Vegetables in a basket

Many of the successes and failures of this season are still obvious and fresh in our minds. As such, planning must begin by reviewing those successes and failures.

Well, here we are at the end of September and that means it is time to begin planning next year’s vegetable garden. “Huh?” Yes, I know, there are still plenty of vegetables that remain to be harvested and cover crops to be planted. However, many of the successes and failures of this season are still obvious and fresh in our minds. As such, planning must begin by reviewing those successes and failures.

To begin the review, note what pest and disease problems occurred and on what crops. Were control measures applied and did they work? If not, plan to use vegetable varieties resistant to these problems or make note of alternative control measures to employ. One such control is crop rotation. This will require a quick sketch of where each crop was planted this year and another sketch showing where each will be planted next year. In general, a specific vegetable should not be planted in the same spot in the garden for at least another 3 years.

There are also some cultural issues to evaluate. What fertilizers or other soil amendments were used and were they adequate in supporting plant growth? Given the record setting rainfall of July, was drainage a problem? If so, make note to employ raised beds next year for those plants which do not tolerate prolonged periods of wet soil. These need not be framed beds. Simply mounding soil will improve drainage. Another cultural issue to consider when planning next year’s garden might include employing vertical structures such as netting, fencing, cages, etc. to support vine crops rather than allowing the plants to sprawl across the ground, take up space, and risk decay of the plant fruits in contact with wet soil.

Of course, much attention needs to be given to the crops and varieties grown this year and how they performed as far as productivity and quality are concerned. A growing season never goes by where I do not experiment with a new vegetable or new variety of frequently planted vegetables. Aside from the pest and disease issue already mentioned, make note of the productivity of each variety. Did the yield of each meet expectation? Usually, I give a new variety a couple of growing seasons before opting out of growing it, but in some cases the productivity and/or flavor are just not worth a second year in our garden.

Every garden year is a new experience and an opportunity to experiment and to learn. Keeping good records and making future plans based on the lessons learned is key to being a successful gardener.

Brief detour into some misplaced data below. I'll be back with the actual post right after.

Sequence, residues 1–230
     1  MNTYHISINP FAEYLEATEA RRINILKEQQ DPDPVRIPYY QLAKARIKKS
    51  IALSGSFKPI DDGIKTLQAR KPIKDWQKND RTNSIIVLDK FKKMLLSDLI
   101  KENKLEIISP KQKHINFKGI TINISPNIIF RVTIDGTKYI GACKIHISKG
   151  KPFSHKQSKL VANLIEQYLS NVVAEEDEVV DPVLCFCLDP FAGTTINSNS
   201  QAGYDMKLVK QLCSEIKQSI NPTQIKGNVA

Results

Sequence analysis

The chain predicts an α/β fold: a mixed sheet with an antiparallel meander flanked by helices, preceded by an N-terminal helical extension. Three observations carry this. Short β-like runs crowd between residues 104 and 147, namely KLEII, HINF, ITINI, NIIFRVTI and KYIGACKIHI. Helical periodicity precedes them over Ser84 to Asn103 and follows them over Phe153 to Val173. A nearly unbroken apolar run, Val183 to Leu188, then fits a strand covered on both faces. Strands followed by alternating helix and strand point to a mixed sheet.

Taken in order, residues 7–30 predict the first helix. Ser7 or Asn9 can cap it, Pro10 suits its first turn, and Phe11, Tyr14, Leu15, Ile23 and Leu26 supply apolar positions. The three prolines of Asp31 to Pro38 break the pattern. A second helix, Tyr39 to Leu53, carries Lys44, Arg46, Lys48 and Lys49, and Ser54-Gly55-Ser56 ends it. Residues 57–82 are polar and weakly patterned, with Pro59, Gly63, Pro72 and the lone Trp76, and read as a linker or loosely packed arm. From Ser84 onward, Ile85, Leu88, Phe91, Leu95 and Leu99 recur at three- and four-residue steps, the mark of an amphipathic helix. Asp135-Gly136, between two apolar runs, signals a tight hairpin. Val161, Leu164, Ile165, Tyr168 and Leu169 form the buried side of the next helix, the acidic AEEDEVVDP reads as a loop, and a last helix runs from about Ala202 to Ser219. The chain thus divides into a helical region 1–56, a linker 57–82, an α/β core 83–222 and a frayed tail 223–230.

Here are some other experiences to help build success:

• Keep notes on the performance of ornamental plants in the home landscape. Just as with the vegetable garden, evaluating individual performance will help in making decisions as far as replacements and future additions to the landscape.

• Apply an organic spray such as one containing Bt (Bacillus thuringiensis) to ornamental kale. Many of the plants I’ve recently seen in various gardens showed much damage from feeding by cabbage worms. Being a cold tolerant plant, the kale should continue to grow through November or later and would benefit from spraying with a Bt product. In the meantime, remove any cabbage worm riddled leaves.

• Clean up the residue of any plants infected by powdery mildew or other diseases this year. Many diseases spend the winter on plant debris. Good garden sanitation is one of the best ways to prevent plant diseases.

• Lightly rake the surface of organic mulches around trees and shrubs. Then apply a fresh layer of mulch. Use the same type of mulch and apply only a thin layer. Total depth of old and new mulch should be no more than 2 to 3 inches. Also, be sure that mulch is pulled away at least 4 inches from the trunks of trees and shrubs. Apply mulches as widely as possible.

• Reduce the cutting height of the lawn mower to 2 to 2 ½ inches (½ inch at a time if current setting is higher than 3 inches). It will be easier to rake leaves from lawns at this lower height.

• Save the mesh bags that are used to package oranges and onions. These can be used to store garden-grown onions and garlic, as well as to store summer flowering bulbs of amaryllis and gladiolus.

• Harvest grapes when they are fully ripe. They do not ripen off the vine. Also, keep grapes away from other produce when in storage. Grapes tend to absorb odors from other fruits.

• It seems that every few years there is a new pest or disease that poses a serious threat to the health and survival of our plant life. I was recently made aware of one such disease here in Berkshire County. It is boxwood blight. First described in England in the mid-1990s, this blight has practically eliminated the boxwood hedges in the most renowned gardens in that country. The disease eventually made its way to this country and was found in Connecticut in 2011. Now it is here. The disease comes on rapidly and can kill a boxwood plant is a few days. Initial symptoms include dark, circular spots on the leaves followed by narrow back streaks on the stems. Once infected, the best option is to remove and destroy the plant. For more information and photos go to: ag.umass.edu/landscape/fact-sheets/boxwood-common-health-issues-in-landscape and https://portal.ct.gov/CAES/PDIO/Boxwood-Blight/Boxwood-Blight